White House Office of the Curator
White House Executive Residence
Chief Usher of the White House
State Arrival Ceremony
White House Endowment Trust
White House Acquisition Trust
Western White House
Number One Observatory Circle, the residence of the Vice President.
White House Communications Agency
White House Situation Room
White House Fellows
List of U.S. Presidential residences
Official residence
Abbott, James A. A Frenchman in Camelot: The Decoration of the Kennedy White House by Stéphane Boudin. Boscobel Restoration Inc.: 1995. ISBN 0-9646659-0-5.
Abbott James A., and Elaine M. Rice. Designing Camelot: The Kennedy White House Restoration. Van Nostrand Reinhold: 1998. ISBN 0-442-02532-7.
Abbott, James A. Jansen. Acanthus Press: 2006. ISBN 0-926494-33-3.
Clinton, Hillary Rodham. An Invitation to the White House: At Home with History. Simon & Schuster: 2000. ISBN 0-684-85799-5.
Garrett, Wendell. Our Changing White House. Northeastern University Press: 1995. ISBN 1-55553-222-5.
Kenny, Peter M., Frances F. Bretter and Ulrich Leben. Honoré Lannuier Cabinetmaker from Paris: The Life and Work of French Ébiniste in Federal New York. The Metropolitan Museum of Art, New York and Harry Abrams: 1998. ISBN 0-87099-836-6.
Leish, Kenneth. The White House. Newsweek Book Division: 1972. ISBN 0-88225-020-5.
McKellar, Kenneth, Douglas W. Orr, Edward Martin, et al. Report of the Commission on the Renovation of the Executive Mansion. Commission on the Renovation of the Executive Mansion, Government Printing Office: 1952.
Monkman, Betty C. The White House: The Historic Furnishing & First Families. Abbeville Press: 2000. ISBN 0-7892-0624-2.
Penaud, Guy Dictionnaire des châteaux du Périgord. Editions Sud-Ouest: 1996. ISBN 2-87901-221-X.
Seale, William. The President's House. White House Historical Association and the National Geographic Society: 1986. ISBN 0-912308-28-1.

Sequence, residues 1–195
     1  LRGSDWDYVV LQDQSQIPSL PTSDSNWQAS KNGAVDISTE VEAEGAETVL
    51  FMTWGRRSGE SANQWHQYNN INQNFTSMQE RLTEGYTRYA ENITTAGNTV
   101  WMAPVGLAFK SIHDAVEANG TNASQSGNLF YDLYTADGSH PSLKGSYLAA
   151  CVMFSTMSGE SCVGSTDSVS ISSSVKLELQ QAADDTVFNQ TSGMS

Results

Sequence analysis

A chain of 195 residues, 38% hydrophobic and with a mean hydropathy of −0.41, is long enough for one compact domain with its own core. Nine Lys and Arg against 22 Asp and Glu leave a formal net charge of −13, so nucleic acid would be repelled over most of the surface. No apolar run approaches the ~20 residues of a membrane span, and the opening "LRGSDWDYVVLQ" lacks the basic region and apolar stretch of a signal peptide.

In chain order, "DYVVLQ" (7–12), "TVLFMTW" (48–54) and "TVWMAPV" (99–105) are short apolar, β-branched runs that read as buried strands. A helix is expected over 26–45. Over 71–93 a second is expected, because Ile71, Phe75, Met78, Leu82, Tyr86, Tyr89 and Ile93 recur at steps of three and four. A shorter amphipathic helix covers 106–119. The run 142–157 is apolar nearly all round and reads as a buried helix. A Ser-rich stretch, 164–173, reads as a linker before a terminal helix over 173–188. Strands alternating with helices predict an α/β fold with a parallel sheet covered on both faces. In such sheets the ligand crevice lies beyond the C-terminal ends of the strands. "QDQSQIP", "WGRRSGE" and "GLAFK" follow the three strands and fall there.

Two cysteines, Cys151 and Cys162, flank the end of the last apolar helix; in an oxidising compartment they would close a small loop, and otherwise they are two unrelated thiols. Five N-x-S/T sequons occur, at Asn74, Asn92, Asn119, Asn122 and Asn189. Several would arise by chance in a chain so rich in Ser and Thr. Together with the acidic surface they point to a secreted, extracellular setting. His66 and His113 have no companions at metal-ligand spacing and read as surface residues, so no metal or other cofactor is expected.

Seale, William, The White House: The History of an American Idea. White House Historical Association: 1992, 2001. ISBN 0-912308-85-0.
West, J.B. with Mary Lynn Kotz. Upstairs at the White House: My Life with the First Ladies. Coward, McCann & Geoghegan: 1973. SBN 698-10546-X.
Wolff, Perry. A Tour of the White House with Mrs. John F. Kennedy. Doubleday & Company: 1962.
Exhibition Catalogue, Sale 6834: The Estate of Jacqueline Kennedy Onassis April 23-26, 1996. Sothebys, Inc.: 1996.
The White House: An Historic Guide. White House Historical Association and the National Geographic Society: 2001. ISBN 0-912308-79-6.
The White House. The First Two Hundred Years, ed. by Frank Freidel/William Pencak, Boston 1994.
Official White House website
National Park Service website for the President's Park
The White House Museum, a detailed online tour of the White House
The White House Historical Association, with historical photos, online tours and exhibits, timelines, and facts
Twentieth Century American Sculpture at the White House, including artists Nancy Graves, Allan McCollum, and Tom Otterness
Maps and aerial photos for 38°53′52″N 77°02′12″W / 38.89767, -77.03655Coordinates: 38°53′52″N 77°02′12″W / 38.89767, -77.03655

  • Maps from WikiMapia, Google Maps, Live Search Maps, Yahoo! Maps, or MapQuest
    Topographic maps from TopoZone or TerraServer-USA
    A time magazine report about the Chinese replica

Thursday, October 25, 2007

Rudolf Ludwig Mössbauer